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In today’s world, there is often a societal focus on the effect of menopause on women’s mental health. But what is not often talked about is perimenopause, and the effects of perimenopause on mental health.

Menopause – the end of a woman’s natural fertile period – is typically between the ages of 45 and 55. It is marked by often drastic changes in hormonal levels that, at least during the transition period, affect how a woman feels both physically and emotionally.

But perimenopause begins much earlier. Perimenopause is when the body begins to have hormonal shifts related to menopause but are still often many years away from menopausal onset. Some women experience perimenopause as young as their late 30s, and most women will experience it by the age of 40 to 44.

During this stage, women are still able to have children and still having periods, but their bodies are experiencing hormonal shifts and changes behind the scenes as it prepares for menopause later in life.

Perimenopause Effects on Mental Health

Because perimenopause begins at a younger age – sometimes as much as 12+ years before menopause begins – many women have no idea that they’re experiencing it, and many doctors do not talk to women about their changing bodies. Perimenopause remains an often silent part of the culture.

So it can be surprising to women in their mid 30s to mid-40s when they begin to have mental health symptoms they did not have before:

  • Anxiety
  • Depression
  • Trouble Sleeping
  • Mood Swings

The degree and severity of these symptoms differ from person to person, and lifestyle and experiences still play a role. But if a young woman in her late 30s/early 40s starts to notice that they’re feeling more anxious, or they’re having hot flashes, or they simply do not feel as emotionally healthy as they did before, it is possible that perimenopause may be to blame.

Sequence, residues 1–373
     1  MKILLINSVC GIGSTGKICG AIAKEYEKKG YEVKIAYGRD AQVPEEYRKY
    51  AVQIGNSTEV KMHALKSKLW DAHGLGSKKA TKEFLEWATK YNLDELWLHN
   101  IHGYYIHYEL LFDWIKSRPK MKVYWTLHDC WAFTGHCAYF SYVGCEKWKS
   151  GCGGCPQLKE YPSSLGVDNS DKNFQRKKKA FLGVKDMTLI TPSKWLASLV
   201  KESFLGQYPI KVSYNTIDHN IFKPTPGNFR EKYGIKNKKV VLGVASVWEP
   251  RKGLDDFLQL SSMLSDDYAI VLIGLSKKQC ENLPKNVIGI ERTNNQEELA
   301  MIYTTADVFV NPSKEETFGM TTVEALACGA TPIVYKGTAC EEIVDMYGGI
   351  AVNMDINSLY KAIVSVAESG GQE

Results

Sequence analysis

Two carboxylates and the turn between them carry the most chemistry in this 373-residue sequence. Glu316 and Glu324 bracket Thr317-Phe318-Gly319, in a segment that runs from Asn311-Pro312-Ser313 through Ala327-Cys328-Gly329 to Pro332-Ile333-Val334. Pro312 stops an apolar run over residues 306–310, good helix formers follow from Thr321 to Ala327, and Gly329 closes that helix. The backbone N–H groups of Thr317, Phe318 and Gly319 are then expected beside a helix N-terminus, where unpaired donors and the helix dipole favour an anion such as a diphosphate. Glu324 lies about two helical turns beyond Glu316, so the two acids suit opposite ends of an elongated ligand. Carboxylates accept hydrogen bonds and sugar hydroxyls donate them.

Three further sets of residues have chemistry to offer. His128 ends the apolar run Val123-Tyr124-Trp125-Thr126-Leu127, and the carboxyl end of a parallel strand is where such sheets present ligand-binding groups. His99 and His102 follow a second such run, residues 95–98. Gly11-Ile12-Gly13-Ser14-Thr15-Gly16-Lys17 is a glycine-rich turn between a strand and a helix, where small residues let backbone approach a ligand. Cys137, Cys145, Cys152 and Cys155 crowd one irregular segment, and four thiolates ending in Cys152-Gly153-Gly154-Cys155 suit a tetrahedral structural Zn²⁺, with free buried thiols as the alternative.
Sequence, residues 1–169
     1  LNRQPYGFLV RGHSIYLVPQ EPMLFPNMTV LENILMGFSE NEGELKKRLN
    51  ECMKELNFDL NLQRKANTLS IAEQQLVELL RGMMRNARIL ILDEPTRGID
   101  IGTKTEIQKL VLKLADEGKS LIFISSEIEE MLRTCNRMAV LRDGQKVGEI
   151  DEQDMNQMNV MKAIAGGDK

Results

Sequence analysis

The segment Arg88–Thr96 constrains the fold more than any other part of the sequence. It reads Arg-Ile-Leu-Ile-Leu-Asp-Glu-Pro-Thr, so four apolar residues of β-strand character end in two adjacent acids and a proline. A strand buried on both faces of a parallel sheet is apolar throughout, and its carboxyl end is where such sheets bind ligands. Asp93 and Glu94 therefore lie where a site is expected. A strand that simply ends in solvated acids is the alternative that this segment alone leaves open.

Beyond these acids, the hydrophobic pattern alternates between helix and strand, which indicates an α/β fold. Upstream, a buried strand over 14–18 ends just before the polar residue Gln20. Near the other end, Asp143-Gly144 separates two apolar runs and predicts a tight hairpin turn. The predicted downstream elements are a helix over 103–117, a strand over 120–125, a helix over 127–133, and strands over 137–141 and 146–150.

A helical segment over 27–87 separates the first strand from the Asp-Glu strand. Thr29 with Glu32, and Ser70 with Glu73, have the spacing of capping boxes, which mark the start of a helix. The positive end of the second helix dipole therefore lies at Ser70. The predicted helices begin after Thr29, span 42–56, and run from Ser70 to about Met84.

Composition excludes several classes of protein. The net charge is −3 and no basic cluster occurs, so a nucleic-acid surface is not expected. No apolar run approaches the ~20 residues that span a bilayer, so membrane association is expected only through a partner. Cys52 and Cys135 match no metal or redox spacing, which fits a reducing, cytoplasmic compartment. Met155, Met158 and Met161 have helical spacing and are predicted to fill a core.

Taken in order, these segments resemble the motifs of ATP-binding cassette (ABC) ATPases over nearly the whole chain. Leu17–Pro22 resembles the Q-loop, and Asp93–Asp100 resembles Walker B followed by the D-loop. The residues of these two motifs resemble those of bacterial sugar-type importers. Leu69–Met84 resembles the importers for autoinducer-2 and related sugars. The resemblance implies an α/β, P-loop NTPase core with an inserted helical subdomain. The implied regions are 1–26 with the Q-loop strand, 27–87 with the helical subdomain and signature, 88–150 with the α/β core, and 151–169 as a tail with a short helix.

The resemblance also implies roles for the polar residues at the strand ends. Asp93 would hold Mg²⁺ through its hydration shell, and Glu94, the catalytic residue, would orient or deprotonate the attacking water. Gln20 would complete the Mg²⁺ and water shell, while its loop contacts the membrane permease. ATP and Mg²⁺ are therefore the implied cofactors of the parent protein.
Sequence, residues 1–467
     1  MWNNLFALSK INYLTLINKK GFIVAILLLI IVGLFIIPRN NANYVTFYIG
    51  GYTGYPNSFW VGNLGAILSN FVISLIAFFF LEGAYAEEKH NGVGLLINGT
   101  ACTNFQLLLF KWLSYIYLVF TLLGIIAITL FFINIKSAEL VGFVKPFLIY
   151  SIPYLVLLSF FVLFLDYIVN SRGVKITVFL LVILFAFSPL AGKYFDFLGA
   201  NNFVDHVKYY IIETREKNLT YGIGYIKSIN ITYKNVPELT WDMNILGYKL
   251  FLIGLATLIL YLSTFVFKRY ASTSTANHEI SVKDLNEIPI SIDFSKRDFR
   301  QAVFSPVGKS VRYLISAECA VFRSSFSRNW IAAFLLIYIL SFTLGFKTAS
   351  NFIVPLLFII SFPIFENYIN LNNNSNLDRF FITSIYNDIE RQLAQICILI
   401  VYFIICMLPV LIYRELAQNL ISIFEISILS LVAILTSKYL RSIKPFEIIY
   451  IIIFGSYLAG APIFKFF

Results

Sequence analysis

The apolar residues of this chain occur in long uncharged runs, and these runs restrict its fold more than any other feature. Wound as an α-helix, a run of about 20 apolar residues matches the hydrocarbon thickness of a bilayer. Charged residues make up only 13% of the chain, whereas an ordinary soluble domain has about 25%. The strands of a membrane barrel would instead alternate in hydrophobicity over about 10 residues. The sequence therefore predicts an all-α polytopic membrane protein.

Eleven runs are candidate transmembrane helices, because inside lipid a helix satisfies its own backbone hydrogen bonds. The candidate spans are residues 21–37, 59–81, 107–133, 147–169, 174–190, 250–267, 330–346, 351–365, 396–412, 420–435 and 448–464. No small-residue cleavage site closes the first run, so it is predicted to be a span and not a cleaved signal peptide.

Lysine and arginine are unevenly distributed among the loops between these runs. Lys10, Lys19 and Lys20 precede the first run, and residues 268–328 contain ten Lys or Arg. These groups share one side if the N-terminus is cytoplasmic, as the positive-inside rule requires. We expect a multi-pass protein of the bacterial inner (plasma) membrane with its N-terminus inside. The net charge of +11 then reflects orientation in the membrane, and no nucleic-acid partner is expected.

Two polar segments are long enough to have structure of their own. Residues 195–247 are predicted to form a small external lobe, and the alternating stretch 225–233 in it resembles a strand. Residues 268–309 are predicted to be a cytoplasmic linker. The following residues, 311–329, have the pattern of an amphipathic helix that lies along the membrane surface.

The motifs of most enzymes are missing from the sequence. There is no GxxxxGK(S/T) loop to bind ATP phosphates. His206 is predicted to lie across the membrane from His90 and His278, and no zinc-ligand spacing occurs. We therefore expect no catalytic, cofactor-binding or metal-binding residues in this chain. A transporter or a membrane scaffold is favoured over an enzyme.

Other Factors to Consider

Now, during this same phase, women may be undergoing changes in their lives that may also have an effect on mental health. Many women have children by about 40 which adds stress to one’s life, and that is an age when there could be stresses with marriage or career that might be affecting a person’s mental health. Similarly, changing bodies can come with their own stresses, as reminders of aging and decreased fertility can affect health and wellness as well.

The Perimenopause Age and Mental Health

It is not always clear if anxiety, depression, or other mental health issues are the result of perimenopause, affected by perimenopause, or developed entirely independently. But what is clear is that it can be a stressful time, and those same mental health issues can affect someone’s ability to feel comfortable and confident within themselves.

Even mental health issues that are caused directly by hormonal changes can be addressed using psychotherapy, which is why it is so important for anyone that feels like they’re struggling to control their emotions, no matter their age, consider working with a trained psychologist or counselor. No mental health issues need to be permanent, and while it is useful to be aware of what perimenopause can do, it is also useful to treat it.

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